PDGFRA is a type III transmembrane receptor tyrosine kinase. The extracellular domain consists of 5 immunoglobulin (IG) domains that contribute to dimerization and ligand binding. The intracellular region has a juxtamembrane domain that plays a role in autoinhibiting the receptor in the absence of ligand, and a bi-lobed kinase region with an activation loop and the catalytic cleft (reviewed in Klug et al, 2018). Upon ligand binding, PDGFRA undergoes dimerization and transautophosphorylation at at least 11 tyrosine residues in the intracellular domain. These phosphorylated residues are binding sites for downstream effectors of PDGFRA-responsive signaling pathways (reviewed in Klug et al, 2018; Roskoski, 2018).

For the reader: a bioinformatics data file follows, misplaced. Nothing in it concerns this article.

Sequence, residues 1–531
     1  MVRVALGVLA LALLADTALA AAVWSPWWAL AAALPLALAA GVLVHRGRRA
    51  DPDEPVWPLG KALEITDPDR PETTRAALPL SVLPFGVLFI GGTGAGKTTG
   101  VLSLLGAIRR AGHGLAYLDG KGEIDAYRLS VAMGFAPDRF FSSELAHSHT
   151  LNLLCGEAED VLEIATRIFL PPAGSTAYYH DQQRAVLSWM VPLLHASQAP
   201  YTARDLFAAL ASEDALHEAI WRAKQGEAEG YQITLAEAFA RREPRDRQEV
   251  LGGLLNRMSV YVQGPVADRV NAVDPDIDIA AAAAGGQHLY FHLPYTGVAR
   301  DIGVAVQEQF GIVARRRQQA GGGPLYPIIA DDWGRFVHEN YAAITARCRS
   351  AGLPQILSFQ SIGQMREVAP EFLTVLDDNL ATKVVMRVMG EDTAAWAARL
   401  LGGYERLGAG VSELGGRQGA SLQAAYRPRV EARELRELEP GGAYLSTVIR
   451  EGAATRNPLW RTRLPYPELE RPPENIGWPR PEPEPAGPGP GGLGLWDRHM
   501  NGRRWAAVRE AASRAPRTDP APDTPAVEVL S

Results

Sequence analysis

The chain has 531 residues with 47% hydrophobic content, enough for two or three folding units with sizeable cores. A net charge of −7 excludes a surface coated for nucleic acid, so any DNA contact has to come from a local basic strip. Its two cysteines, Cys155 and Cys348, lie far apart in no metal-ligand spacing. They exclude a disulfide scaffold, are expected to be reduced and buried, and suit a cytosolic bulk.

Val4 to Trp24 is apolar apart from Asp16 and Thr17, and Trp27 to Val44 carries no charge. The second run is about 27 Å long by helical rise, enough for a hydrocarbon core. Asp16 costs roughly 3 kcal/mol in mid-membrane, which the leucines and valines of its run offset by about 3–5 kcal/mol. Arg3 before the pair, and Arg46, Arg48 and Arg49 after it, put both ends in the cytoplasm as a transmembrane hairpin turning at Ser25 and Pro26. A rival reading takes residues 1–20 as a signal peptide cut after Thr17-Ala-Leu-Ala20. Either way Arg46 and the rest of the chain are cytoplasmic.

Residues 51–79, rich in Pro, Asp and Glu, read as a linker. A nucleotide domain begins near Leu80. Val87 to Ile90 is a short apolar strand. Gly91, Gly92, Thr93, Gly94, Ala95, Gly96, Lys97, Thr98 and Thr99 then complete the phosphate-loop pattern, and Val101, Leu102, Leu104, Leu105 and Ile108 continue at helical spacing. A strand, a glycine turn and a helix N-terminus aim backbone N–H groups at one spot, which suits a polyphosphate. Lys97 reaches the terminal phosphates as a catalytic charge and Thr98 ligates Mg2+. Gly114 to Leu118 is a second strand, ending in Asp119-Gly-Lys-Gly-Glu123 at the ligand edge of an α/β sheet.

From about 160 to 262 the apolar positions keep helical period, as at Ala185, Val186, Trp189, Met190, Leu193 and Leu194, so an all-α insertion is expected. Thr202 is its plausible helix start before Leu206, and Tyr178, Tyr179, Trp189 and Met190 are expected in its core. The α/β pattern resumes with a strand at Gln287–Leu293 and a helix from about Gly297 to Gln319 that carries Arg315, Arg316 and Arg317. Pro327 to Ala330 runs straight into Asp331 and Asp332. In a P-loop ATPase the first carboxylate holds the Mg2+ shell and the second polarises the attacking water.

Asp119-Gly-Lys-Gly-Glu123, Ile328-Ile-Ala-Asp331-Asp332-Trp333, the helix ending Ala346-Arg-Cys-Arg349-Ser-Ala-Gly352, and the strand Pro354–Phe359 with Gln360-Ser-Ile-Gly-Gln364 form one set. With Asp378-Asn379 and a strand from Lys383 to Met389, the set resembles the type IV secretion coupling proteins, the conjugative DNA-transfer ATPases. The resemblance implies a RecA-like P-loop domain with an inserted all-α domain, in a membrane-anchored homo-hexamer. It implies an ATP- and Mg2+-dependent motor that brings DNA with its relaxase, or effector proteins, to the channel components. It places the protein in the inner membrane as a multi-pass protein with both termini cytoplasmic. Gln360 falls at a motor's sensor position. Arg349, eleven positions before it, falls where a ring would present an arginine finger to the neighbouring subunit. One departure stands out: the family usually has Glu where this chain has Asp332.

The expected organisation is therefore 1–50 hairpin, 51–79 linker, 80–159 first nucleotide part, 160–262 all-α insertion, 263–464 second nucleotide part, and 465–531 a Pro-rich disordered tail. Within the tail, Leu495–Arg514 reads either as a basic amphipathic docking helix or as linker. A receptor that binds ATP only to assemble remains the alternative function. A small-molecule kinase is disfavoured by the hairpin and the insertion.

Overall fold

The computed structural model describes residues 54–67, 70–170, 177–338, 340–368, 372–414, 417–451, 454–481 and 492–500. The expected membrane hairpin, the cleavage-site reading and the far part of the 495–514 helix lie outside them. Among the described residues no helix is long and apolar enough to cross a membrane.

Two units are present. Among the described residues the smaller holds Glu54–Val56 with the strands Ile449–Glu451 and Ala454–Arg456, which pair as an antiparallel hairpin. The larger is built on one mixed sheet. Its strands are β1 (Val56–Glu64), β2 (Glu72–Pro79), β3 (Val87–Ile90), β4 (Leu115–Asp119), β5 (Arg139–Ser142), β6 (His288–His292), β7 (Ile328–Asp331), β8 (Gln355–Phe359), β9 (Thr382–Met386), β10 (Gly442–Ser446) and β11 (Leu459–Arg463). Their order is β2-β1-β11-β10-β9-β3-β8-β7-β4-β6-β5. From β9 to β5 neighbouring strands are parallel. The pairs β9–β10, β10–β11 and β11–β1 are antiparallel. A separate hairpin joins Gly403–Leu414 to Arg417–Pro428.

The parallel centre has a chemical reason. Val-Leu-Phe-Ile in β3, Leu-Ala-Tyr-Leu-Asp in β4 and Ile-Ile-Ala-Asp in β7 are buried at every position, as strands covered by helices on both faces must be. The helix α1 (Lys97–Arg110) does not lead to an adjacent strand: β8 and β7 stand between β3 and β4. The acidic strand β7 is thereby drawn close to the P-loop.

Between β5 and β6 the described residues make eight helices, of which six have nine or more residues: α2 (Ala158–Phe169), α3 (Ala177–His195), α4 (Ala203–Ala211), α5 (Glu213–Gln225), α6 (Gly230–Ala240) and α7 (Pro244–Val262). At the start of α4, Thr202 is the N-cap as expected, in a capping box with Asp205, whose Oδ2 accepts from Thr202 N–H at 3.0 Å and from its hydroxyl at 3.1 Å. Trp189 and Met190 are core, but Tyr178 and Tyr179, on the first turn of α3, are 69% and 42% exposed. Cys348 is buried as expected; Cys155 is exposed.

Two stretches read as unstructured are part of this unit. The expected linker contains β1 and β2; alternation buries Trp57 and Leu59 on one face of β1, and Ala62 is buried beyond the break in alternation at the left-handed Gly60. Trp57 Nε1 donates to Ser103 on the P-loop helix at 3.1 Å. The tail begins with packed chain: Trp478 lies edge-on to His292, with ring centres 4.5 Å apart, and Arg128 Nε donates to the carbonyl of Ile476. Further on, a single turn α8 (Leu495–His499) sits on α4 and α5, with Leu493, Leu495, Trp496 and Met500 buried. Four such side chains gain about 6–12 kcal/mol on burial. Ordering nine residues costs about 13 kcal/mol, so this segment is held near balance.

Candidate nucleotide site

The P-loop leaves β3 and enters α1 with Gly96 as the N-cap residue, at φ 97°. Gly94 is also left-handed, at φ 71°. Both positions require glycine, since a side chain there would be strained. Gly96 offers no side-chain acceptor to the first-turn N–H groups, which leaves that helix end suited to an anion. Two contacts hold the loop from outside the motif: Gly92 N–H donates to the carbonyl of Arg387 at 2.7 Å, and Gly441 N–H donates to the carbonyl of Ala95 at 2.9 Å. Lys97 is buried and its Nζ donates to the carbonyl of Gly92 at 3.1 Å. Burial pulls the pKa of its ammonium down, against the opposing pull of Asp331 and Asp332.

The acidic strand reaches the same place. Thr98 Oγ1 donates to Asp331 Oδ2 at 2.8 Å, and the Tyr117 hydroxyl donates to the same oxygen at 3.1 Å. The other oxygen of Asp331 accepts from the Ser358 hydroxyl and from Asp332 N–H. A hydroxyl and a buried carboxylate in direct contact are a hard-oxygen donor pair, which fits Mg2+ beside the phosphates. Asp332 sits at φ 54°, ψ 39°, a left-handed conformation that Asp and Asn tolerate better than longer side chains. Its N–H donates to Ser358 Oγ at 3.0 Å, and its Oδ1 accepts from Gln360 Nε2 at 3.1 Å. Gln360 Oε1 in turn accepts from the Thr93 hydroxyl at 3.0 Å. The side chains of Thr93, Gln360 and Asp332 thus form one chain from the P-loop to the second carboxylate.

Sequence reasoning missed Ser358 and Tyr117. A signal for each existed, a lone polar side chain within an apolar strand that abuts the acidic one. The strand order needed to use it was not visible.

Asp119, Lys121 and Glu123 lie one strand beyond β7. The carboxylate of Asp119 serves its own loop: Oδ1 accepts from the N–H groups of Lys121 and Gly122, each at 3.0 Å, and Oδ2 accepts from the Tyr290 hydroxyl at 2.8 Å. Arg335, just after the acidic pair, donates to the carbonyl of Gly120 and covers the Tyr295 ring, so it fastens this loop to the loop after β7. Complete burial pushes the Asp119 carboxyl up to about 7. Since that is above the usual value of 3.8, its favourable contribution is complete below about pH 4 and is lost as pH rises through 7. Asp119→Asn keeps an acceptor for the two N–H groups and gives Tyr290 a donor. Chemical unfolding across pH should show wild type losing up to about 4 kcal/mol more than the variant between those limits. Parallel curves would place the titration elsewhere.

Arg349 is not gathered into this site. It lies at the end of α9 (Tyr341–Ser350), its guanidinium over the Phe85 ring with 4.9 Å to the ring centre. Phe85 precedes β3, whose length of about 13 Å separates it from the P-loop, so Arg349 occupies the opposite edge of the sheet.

PDGFRA is subject to activating mutations in a number of cancers, including gastrointestinal stromal tumors (GIST), melanoma and haematological cancers (reviewed in Corless et al, 2011; Wang et al, 2016; Roskoski, 2018). The most prevalent mutations in PDGFRA are at residue V561 in the juxtamembrane domain, N659 in the small lobe of the kinase domain and D842 in the activation loop of the kinase domain. PDGFRA is also subject to short deletions in the activation loop segment (reviewed in Roskoski, 2018). Acitvated forms of the protein may signal from the plasma membrane, similar to the wild type receptor, however there is also evidence that some mutants, notably D842V and V561D localize primarily to the Golgi membrane (Bahlawane et al, 2014). Activated PDGFRA mutants signal constitutively in the absence of ligand (reviewed in Roskoski, 2018; Wang et al, 2016; Klug et al, 2018).